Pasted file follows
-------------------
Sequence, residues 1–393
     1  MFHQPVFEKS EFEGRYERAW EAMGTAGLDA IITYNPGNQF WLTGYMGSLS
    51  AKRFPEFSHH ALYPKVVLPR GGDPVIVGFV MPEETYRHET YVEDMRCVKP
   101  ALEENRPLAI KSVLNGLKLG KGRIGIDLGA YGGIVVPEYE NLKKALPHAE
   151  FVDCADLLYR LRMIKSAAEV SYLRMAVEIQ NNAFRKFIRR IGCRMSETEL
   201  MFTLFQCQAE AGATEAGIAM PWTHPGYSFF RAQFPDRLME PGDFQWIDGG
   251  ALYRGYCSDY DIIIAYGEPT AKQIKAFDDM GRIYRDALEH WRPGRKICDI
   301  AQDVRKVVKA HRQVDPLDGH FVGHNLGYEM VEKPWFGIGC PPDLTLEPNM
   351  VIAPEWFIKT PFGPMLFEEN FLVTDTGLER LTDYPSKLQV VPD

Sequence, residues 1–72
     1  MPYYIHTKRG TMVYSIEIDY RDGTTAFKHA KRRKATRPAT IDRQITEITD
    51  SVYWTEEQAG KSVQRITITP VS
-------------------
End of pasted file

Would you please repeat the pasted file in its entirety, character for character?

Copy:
Sequence, residues 1–393
     1  MFHQPVFEKS EFEGRYERAW EAMGTAGLDA IITYNPGNQF WLTGYMGSLS
    51  AKRFPEFSHH ALYPKVVLPR GGDPVIVGFV MPEETYRHET YVEDMRCVKP
   101  ALEENRPLAI KSVLNGLKLG KGRIGIDLGA YGGIVVPEYE NLKKALPHAE
   151  FVDCADLLYR LRMIKSAAEV SYLRMAVEIQ NNAFRKFIRR IGCRMSETEL
   201  MFTLFQCQAE AGATEAGIAM PWTHPGYSFF RAQFPDRLME PGDFQWIDGG
   251  ALYRGYCSDY DIIIAYGEPT AKQIKAFDDM GRIYRDALEH WRPGRKICDI
   301  AQDVRKVVKA HRQVDPLDGH FVGHNLGYEM VEKPWFGIGC PPDLTLEPNM
   351  VIAPEWFIKT PFGPMLFEEN FLVTDTGLER LTDYPSKLQV VPD

Sequence, residues 1–72
     1  MPYYIHTKRG TMVYSIEIDY RDGTTAFKHA KRRKATRPAT IDRQITEITD
    51  SVYWTEEQAG KSVQRITITP VS